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1.12 What Makes a Shell Script?

A shell script is just an ASCII file (52.9) containing a saved sequence of commands.

If you were to store a list of commands in a file for one-time use, you could execute it by typing:

% sh mycommands

where mycommands is the name of the file containing the list of commands. This would tell the shell to treat the file as a list of commands to be executed.

But there's a better way to tell the shell to execute the contents of a file, and that is to make the file executable with the chmod (22.7) command:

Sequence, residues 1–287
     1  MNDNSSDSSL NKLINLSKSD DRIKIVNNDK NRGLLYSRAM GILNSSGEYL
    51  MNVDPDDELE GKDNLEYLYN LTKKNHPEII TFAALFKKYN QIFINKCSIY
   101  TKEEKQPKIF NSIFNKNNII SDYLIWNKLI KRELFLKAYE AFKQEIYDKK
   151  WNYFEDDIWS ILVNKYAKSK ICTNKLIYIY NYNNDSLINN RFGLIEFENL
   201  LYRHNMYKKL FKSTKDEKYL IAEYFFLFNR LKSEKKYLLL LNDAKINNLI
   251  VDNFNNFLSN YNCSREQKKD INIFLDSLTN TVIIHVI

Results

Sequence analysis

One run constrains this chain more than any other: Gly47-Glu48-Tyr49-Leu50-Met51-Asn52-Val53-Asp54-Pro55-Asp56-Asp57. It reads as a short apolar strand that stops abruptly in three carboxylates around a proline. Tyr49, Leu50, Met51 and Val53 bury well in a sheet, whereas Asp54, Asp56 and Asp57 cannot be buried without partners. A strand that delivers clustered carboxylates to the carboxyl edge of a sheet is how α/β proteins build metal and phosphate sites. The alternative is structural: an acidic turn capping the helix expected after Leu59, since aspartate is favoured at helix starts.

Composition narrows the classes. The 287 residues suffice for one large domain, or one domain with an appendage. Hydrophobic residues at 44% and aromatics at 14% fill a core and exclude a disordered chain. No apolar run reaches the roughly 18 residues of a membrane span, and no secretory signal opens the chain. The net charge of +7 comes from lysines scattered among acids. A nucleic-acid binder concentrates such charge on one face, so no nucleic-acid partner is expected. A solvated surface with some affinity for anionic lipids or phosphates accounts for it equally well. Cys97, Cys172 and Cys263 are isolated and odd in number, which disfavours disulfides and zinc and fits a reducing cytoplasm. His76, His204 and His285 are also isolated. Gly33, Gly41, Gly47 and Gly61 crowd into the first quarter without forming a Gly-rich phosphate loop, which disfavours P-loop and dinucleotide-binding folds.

% chmod +x mycommands

Then, all you have to do to execute the script is type its name. (To make it even easier to use, you should store it in a personal bin directory and add the bin to your search path .) (8.7)

Of course, in either case, all of the lines in the file need to be meaningful to the shell! If you accidentally made a letter to your mother executable, and tried to run it as a shell script, you'd get error messages like this, containing the first word of each line in the letter:

letter: Dear: not found

The shell would try to interpret that word as a command, and report back that it doesn't know any command by that name.

Also, to really make good use of shell scripts, you need to understand how to pass arguments to a script (44.15) and how to use some simple programming constructs (1.5).

- TOR


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